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War Of Words

aeSanta Cruz native opens up about his creative role in Steven Spielberg’s Abraham Lincoln biopic

Now that our collective post-election hangover has mostly subsided, politics are probably the last thing you’re looking for in an escape outing at the movies. But Steven Spielberg’s new film—about the triumph of the political process in a time of near-apocalyptic social discord—might surprise you.

Toby Thiermann, a filmmaker from local production studio Impact Media Group, worked on Lincoln for six months of last year and was on the set in Virginia for the duration of filming.

The biopic, which covers the final four months of the title character’s life, details his struggle with the ongoing Civil War, as well as his clashes with members of his own cabinet regarding the decision to abolish slavery.

Thiermann’s contributions to the film were threefold: assisting Oscar-winning production designer Rick Carter, shooting behind-the-scenes documentary footage, and appearing in the film in a cameo role as a cartographer.

As written by Pulitzer Prize-winning playwright Tony Kushner, Lincoln is the most performance-driven film of Spielberg’s career, which means that the production design and set decoration play a crucial role in the blocking of a scene and how actors interact with the constructed space. “The production designer touches the script before anyone gets there, so Rick envisions these environments ahead of time, and we took a huge amount of effort in order to ae-3 In his cameo role as a cartographer, Toby Thiermann appears in a scene with Daniel Day-Lewis.allow the director and the actors to feel comfortable and natural within them,” says Thiermann.

Part of that effort is the painstaking lengths for historical accuracy. “We recreated the second floor of the White House, almost to scale, inside this huge warehouse in Virginia,” Thiermann says, reflecting on one of the many sets he helped construct. “And we tried to match historical pictures to make even the wallpaper accurate to the type and the design of wallpaper that Lincoln may have had in his White House, and we had that custom hand-printed in Virginia.”

ae-2Santa Cruz’s own Toby Thiermann on the set of Steven Spielberg’s Lincoln, in which he played the Union cartographer.In addition to Lincoln’s numerous Oscar-recognized below-the-line artists, you would be hard-pressed to find a film with a deeper bench of acting talent. Several inches of column space could be spent simply listing names from the enormous ensemble, but it is headlined by a pair of two-time Oscar winners, Daniel Day-Lewis and Sally Field, who play the president and first lady, respectively.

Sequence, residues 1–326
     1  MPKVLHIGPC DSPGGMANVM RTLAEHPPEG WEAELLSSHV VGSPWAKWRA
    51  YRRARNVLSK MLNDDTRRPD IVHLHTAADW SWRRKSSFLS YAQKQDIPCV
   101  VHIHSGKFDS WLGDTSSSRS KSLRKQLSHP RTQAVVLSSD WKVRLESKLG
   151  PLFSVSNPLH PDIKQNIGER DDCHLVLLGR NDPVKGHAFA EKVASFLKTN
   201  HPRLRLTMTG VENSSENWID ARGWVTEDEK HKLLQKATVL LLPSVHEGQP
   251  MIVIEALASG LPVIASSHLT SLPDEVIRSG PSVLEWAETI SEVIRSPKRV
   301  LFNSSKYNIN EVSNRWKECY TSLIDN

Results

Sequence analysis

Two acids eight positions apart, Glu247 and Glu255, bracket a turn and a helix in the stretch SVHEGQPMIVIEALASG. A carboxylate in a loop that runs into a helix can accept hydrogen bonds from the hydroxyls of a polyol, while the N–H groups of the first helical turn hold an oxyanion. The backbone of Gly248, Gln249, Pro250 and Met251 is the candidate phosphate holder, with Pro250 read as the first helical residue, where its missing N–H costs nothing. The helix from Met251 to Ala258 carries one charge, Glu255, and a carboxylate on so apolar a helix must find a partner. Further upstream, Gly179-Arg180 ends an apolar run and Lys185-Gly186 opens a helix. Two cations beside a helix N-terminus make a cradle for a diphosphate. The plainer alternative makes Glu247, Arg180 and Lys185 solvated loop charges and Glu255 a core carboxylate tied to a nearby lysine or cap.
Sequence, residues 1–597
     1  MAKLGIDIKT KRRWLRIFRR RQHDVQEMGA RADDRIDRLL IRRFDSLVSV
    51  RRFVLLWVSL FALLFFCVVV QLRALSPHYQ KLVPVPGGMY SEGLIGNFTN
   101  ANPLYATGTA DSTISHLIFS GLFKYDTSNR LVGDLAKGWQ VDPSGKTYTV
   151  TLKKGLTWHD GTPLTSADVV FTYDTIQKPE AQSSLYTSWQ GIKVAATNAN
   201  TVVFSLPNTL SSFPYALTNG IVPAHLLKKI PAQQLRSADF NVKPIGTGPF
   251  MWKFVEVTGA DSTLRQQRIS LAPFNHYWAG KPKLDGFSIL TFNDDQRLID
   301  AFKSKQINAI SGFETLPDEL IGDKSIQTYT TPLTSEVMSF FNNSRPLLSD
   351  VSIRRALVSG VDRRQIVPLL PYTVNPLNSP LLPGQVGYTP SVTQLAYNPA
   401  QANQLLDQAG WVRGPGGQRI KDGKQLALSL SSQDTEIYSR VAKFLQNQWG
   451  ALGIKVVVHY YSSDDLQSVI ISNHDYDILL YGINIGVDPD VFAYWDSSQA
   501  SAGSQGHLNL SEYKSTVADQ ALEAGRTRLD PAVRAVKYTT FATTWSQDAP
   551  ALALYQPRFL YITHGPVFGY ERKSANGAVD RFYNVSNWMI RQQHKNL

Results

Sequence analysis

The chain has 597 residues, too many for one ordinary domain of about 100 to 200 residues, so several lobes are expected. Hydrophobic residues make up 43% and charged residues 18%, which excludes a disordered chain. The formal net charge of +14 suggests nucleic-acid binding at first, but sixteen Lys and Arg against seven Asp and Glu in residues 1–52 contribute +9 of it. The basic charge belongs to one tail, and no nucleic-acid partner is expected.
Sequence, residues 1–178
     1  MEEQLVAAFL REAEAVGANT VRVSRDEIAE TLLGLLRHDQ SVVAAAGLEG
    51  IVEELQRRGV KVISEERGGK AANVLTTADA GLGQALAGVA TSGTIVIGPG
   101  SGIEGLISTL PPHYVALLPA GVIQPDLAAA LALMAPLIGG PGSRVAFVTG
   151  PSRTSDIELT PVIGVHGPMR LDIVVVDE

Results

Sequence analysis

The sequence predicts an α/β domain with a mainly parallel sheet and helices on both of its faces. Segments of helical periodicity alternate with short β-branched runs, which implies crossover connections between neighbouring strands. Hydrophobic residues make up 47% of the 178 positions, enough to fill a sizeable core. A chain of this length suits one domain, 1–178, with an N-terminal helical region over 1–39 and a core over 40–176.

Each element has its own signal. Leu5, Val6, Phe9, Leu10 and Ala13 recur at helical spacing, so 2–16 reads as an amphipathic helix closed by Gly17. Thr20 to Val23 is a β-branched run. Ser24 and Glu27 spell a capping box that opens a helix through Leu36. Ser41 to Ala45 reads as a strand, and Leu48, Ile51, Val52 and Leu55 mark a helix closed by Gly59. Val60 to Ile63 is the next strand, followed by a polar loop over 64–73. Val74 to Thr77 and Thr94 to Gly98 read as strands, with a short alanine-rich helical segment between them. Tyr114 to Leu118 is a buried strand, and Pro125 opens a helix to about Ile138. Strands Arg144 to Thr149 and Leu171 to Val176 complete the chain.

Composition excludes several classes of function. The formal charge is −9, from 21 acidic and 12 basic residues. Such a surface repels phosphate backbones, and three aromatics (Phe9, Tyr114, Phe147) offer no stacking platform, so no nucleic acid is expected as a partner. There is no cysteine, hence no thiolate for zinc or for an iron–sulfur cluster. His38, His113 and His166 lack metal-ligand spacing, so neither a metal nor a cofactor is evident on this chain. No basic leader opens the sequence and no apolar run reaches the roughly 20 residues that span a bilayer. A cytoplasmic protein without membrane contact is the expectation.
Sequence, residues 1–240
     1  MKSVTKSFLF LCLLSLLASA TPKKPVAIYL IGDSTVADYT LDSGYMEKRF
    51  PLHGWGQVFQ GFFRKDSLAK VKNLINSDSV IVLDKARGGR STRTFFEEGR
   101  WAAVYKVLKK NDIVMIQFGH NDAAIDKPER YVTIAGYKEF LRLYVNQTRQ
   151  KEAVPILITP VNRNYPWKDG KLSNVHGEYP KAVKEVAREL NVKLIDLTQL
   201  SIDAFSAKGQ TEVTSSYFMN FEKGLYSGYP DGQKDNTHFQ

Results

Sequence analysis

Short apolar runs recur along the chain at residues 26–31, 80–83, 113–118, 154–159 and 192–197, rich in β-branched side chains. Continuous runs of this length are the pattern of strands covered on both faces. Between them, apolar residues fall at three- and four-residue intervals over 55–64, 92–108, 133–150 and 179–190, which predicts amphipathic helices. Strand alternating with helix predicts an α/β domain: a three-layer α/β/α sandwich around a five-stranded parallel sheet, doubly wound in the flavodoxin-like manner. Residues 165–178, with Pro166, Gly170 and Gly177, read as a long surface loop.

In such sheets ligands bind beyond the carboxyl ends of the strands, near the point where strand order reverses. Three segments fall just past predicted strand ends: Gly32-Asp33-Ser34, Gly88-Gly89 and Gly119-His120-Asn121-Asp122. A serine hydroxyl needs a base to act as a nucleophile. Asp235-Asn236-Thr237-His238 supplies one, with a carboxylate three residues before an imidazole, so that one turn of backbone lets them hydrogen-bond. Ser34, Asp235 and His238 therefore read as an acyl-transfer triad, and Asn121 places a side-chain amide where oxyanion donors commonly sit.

In his cameo role as a cartographer—“It’s funny because my family actually owns a local map company here in Santa Cruz,” he says—Thiermann appears in a scene with Day-Lewis, as one of the beneficiaries of a long-winded joke told by Lincoln.

Day-Lewis’ performance as the nation’s 16th president counterintuitively complements his seismic turn as Daniel Plainview in There Will Be Blood, and adds to the actor’s still-growing legend. Aside from those aforementioned Oscars—not to mention an acclaimed overall body of work—Day-Lewis is famous for his complete inhabitation of a character for the duration of a film’s shooting schedule.

It is a process that has become almost mythical in its retelling, but to what extent is the myth a reality? “It’s a complete reality,” says Thiermann. “Daniel was in character the entire time, even when he wasn’t on set. He lived in a period home, he wore period clothes, and he slept in a period bed, and those were all things that he requested so he could really become Abe Lincoln while he was there.”

Moreover, Day-Lewis’ preparation for and devotion to his role benefited the rest of the set, according to Thiermann. “I think it changes everyone’s dynamic when you’re working with an actor that’s that serious,” he says.

That sentiment has stayed with Thiermann long after leaving the set. “I think being involved in a project like Lincoln—once you taste that level of professionalism and talent—it inspires you to do your best work and to try and work with people that are at that level,” he says.

Thiermann believes that audiences will find something to take away from the film as well. “It’s a really awesome piece of American history,” he says. “To learn that Lincoln was such an influential president, and he put so much on the line for his ideals and his beliefs—he’s profoundly affected the direction of our nation.” 

‘Lincoln’ is currently in theaters.

Photos: Toby Thiermann

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